High Line Canal from Miles 15-10 Highlands Ranch
We had a short way to go and short time to get there. Fortunately, the 88 degree sun began to set as the eight of us headed west into its sunset through Highlands Ranch along the High Line Canal Segment 9. Feeling the support of the High Line Canal Conservancy and Walk2Connect, we High Liners knew that we had 2 hours of walking but only 1 1/2 hours of daylight, so off we went.
Fly N By Ranch
We picked up the trail just west of mile marker 15, walked west just a bit, and made a quick rest stop at Fly N By Ranch. A few folks were fishing. We nibbled off an apple tree and reviewed the 110 years of history on this wonderful treasure now managed by South Metro. Here, the Trail turned southerly and we picked up some well-needed shade.
Is Everyone Walking?
Originally the Fly N by expanded beyond c470, but now a large senior citizen complex owns its southern section. We marveled at how big and how many buildings made up the complex including a giant skyway that crossed over the Canal and the Trail. A gorgeous tunnel goes under an intersection within the complex. We hope the residents of this facility are out using the Trail. Sadly, we only saw one other person on the Trail here this evening.
A Break Up or a Romance?
We continued along the Trail and meandered through the Highlands Ranch Golf Course. Two fathers were out with their teenage daughters playing golf enjoying some family time. We started to catch some scrumptious front range views as the foothills came closer. At one point, we decided to take a break at a bench. At the bench, we weren’t sure if we had found a very romantic moment or a broken-hearted moment. Surrounding the bench were hundreds of dried rose petals of various colors. We settled on the romantic side and made up stories of proposals and commitments.
After being in some of the prettiest parts of the Trail for a good 20 miles, starting in Cherry Hills, we emerged out of the visual love of vast landscapes, barns, and places. Crossing Santa Fe, which was sheer terror where no crossing exists, the industrial impact of Denver abutted the Trail. With train tracks on our left and right and concrete and gravel plants sandwiched in between, we still found interest in the area. The sun began to set, casting our beloved pinks all over Denver. We could even see the Denver skyline to the north.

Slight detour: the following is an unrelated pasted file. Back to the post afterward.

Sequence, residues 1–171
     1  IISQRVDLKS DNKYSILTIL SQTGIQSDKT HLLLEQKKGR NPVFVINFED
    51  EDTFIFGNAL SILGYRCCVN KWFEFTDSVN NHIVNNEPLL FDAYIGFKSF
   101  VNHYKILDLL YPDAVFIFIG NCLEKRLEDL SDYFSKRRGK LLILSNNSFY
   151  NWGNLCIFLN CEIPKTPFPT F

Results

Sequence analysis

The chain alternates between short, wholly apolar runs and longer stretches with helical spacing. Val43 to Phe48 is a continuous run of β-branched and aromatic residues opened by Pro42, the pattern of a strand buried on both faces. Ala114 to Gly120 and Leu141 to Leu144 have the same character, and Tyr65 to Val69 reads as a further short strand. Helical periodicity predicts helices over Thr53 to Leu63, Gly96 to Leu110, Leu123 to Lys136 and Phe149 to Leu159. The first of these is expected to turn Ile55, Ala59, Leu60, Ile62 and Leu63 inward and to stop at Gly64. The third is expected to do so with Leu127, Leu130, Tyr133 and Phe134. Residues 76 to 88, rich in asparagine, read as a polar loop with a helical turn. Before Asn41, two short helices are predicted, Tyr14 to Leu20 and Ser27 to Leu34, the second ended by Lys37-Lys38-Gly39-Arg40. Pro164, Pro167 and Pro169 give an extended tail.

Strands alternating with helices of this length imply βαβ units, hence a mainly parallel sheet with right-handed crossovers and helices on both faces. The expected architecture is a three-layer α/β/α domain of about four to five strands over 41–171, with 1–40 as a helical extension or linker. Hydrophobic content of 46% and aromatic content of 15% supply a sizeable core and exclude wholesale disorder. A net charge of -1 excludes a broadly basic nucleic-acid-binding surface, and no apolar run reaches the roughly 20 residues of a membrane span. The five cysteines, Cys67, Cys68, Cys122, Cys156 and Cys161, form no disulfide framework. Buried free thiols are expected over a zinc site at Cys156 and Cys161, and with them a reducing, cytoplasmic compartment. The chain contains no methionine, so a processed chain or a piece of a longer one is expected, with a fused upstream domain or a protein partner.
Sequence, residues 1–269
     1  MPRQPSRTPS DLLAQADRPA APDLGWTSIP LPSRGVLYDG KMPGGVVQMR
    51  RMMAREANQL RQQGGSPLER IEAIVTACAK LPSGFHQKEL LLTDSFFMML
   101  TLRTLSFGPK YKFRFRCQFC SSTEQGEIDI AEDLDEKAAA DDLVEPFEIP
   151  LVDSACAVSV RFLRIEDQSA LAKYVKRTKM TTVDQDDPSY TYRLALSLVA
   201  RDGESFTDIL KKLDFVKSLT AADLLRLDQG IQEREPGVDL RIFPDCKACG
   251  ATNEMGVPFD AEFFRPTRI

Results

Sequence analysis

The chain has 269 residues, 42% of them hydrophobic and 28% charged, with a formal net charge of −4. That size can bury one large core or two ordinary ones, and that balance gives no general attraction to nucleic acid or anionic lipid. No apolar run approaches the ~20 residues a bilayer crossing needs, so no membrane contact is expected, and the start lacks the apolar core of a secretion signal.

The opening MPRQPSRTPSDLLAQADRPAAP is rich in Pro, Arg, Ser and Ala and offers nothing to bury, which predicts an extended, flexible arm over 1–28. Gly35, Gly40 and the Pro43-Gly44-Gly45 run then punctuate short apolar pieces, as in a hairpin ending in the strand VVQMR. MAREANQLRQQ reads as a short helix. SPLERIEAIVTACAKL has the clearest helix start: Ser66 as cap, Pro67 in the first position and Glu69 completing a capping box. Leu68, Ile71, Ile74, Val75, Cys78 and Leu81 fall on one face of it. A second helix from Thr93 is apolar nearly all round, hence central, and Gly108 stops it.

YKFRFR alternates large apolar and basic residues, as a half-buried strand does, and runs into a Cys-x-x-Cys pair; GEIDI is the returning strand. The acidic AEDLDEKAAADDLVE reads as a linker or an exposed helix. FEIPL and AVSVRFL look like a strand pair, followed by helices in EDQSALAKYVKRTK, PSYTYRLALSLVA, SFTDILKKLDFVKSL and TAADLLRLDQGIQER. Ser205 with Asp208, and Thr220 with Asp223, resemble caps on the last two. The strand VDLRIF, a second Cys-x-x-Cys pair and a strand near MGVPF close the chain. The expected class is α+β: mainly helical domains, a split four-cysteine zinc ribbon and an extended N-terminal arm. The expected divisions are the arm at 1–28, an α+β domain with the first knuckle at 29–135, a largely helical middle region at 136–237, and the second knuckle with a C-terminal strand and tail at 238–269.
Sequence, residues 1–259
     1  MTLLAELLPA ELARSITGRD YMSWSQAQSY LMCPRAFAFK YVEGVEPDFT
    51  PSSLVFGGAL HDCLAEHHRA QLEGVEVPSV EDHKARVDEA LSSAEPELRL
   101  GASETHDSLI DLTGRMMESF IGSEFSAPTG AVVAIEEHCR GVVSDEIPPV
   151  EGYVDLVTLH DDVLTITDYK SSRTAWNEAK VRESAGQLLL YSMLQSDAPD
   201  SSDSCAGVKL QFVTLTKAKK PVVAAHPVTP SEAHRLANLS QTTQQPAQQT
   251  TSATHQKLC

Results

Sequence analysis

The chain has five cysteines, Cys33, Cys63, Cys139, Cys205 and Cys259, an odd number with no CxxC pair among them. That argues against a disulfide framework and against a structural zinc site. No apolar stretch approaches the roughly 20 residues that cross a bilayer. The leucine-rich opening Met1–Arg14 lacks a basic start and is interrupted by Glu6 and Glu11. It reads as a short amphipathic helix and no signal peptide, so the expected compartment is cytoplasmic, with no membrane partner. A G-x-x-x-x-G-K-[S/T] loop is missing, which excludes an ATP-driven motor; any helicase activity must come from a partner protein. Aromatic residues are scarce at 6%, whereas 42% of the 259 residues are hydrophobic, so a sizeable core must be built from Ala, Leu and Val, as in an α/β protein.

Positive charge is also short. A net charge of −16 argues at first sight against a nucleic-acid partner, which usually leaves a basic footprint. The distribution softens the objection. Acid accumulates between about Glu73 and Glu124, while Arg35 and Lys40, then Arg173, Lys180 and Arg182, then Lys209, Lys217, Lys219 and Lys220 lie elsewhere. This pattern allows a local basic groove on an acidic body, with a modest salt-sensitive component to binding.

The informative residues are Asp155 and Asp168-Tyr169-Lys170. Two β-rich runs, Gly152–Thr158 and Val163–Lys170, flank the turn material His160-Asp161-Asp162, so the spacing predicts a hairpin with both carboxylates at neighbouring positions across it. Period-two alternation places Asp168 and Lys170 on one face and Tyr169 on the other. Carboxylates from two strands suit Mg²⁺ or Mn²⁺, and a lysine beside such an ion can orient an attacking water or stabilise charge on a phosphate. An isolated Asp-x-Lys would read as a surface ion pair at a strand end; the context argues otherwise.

Trains, Bridges, and the Dark of Night
Trains began to pass on to our right, carrying coal. With darkness just about to descend, we continued our journey, picking up our pace just a bit. By mile marker 11, it was dark. We had another mile to go, and a few of us pulled out head lamps. Finally, we arrived at mile marker 10. Just south of the mile marker is a foot bridge sorely in need of some loving care. Lit by our cell phones and flashlights, we crossed the bridge single file on its north side–where the best footings could be found–then crossed the train tracks, then arrived at our cars.
In the dark, we raised the number nine on our fingers and took our parting shot. Now in the single digits of mile markers, we are getting very excited for the end of this 71 mile journey. With High Line Canal Segment 9 in the books, next up we’ll be walking along Plum Creek. It should be a pretty walk; join us next Friday. Sign up here.